Guest article from James Murphy, forecaster and founder of Rinkli Funstas
Consider this. The average weekly household spend in Britain is about £575.
You might well instantly object that an average is a bit meaningless here; for one thing, the spend is £200 higher in the South East than it is in the North East. Moreover, and obviously enough, in certain weeks of the year a family might well be buying itself an expensive three-piece suite or booking a holiday in Mallorca or shouldering the expense of an unexpected funeral. Also, there will be people who would love to be able to spend £575 in the shops but simply do not have it to hand. After all, the Trussell Trust tells us (2019) that it hands out some 1.6m food parcels each year. Also, as the Bank of England informs, a typical household spends an extra £500 at Christmas time – delivering a massive boost to sales of books, DVDs, fashions and drinks. Household spend is never perfectly stable.
But to explore the breakdown of that average spend (as helpfully provided by ONS) is to open our wee mystery here. We can learn that the biggest bite is taken by Transport: £81 pw; then Housing & Power: £76 pw; then Recreation & Culture: £75 pw; then Food & Non-Alcoholic Drinks: £61 pw; then Restaurants & Hotels: £50 pw; then Clothes: £24 pw. And so on, down to Miscellaneous: £44 pw.
Let’s cut to our thrust here. Imagine on a given day in the future, Her Majesty’s Government agrees that rail fares can rise by 6% while on that same day the major domestic heat & power suppliers announce that bills are also to rise by 6%. In our notional example here, inflation has, we can tell you, come to rest at 1.5 % while average earnings are rising by a meagre 1%. So, what is implied is a substantial drift of spend away from some sectors and, transparently, into others. Supermarkets can, in the example, expect pressure on sales and may well see footfall reduced and profits compressed.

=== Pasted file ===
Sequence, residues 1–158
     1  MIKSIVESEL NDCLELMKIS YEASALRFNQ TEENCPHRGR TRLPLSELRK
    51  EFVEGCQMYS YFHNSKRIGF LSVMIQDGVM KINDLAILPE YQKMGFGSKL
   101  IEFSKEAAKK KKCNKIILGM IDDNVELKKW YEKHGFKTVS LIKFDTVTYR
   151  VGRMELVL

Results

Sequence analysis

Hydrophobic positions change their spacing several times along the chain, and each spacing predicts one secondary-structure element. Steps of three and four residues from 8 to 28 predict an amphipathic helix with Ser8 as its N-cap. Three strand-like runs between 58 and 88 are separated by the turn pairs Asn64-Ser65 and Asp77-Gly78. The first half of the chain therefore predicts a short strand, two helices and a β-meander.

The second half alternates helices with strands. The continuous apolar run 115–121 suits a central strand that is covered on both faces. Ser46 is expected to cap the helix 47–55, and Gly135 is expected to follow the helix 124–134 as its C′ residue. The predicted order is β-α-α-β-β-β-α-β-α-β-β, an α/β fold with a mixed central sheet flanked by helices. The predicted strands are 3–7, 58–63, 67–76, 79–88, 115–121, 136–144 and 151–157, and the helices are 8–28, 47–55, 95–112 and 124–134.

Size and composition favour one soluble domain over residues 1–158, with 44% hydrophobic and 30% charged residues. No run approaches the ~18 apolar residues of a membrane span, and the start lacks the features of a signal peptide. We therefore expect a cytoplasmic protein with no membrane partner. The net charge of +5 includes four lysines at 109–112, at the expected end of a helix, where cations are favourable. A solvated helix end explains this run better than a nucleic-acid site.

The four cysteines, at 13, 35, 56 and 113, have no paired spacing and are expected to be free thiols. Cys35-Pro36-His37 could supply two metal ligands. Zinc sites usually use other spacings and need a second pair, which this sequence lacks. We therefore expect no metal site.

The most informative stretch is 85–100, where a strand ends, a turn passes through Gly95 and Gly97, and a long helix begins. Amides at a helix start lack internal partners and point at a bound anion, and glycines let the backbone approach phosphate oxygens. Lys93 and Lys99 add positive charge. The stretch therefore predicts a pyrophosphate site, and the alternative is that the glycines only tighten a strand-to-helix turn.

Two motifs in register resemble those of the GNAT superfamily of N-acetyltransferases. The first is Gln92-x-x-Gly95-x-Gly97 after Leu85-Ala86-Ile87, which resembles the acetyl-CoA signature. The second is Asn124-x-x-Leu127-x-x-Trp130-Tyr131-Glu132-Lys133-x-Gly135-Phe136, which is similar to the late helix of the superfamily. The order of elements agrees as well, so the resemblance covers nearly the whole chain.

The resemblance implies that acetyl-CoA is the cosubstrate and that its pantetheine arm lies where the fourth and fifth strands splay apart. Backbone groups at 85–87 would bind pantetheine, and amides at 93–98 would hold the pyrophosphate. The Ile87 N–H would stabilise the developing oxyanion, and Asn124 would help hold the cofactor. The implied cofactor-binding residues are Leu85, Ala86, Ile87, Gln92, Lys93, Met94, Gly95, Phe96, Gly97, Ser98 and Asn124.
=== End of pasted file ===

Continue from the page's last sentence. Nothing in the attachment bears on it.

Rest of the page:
Now, of course, consumer markets are not all regulated in the same way. Some are managed by Of-quangos and some by (more or less) the simple play of competition. Some can act mutatis mutandis as a quasi-cartel and some are pretty much lone wolves.
Our point here – the pivot of our mystery – is that there is no force around and available to manage this process, aka to ensure something like a fair distribution of what is, plainly, the highly finite weekly spend of Joe & Julie Median-Brit. In other words, on a given day, the financial prospects of a supermarket chain could turn not on the whims of over choosy and/or price sensitive customer or even the competitive doings of other chains – but on the decisions of public bodies and oligopolies lying completely outside of their sui generis business.
The mystery is why this phenomenon is not more widely illuminated and discussed.
Maybe it has something to do with the presence of multiple directors on multiple boards?
Maybe it just seems ungentlemanly (sic) to talk about and across sectors other than one’s own?
But not for the first time we are reminded that Marketing is really about raw politics and corporate muscle as much as it is about price, position, creativity from the agency plus only-Sudseaux-washes-whiter product PR – alongside the parading of the conventional social and ecological sensitivities.
We raise here an issue which in all our collective years in the showbiz of trends analysis and social forecasting we have never really heard openly and constructively discussed at business conferences.
Yes. A mystery.